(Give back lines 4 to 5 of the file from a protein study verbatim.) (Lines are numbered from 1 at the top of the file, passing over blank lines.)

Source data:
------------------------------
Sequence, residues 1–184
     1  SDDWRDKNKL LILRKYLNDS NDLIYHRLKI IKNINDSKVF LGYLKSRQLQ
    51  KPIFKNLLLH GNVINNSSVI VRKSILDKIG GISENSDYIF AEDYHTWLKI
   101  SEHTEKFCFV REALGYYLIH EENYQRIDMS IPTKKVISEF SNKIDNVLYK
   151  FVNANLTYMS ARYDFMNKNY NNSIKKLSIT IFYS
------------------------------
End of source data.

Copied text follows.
   101  SEHTEKFCFV REALGYYLIH EENYQRIDMS IPTKKVISEF SNKIDNVLYK
   151  FVNANLTYMS ARYDFMNKNY NNSIKKLSIT IFYS